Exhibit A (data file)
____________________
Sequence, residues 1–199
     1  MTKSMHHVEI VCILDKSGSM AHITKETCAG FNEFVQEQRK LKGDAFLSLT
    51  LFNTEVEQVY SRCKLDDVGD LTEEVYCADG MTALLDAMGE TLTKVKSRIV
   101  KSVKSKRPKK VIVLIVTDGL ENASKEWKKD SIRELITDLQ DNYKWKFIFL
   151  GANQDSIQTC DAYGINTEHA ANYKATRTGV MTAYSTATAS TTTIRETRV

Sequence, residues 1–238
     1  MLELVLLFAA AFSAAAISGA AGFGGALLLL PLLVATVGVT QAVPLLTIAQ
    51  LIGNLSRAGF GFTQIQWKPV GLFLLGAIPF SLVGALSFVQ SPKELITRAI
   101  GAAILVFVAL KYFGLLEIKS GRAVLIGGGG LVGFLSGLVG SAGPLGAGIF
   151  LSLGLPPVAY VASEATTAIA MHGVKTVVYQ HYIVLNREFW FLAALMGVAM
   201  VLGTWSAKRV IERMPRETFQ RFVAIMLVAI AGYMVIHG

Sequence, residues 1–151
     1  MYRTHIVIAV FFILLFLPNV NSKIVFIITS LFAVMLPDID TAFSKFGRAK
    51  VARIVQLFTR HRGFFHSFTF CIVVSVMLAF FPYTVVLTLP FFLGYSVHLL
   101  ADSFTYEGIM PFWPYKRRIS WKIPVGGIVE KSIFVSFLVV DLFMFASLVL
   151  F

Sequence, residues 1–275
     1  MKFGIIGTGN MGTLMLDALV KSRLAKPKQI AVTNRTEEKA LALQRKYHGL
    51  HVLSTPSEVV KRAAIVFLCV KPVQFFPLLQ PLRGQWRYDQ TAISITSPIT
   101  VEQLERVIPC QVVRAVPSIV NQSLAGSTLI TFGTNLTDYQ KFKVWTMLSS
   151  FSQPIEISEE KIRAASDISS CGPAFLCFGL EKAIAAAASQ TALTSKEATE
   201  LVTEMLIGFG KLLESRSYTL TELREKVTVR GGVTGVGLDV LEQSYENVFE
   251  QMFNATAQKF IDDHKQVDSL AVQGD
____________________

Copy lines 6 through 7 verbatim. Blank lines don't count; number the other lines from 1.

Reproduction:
Sequence, residues 1–238
     1  MLELVLLFAA AFSAAAISGA AGFGGALLLL PLLVATVGVT QAVPLLTIAQ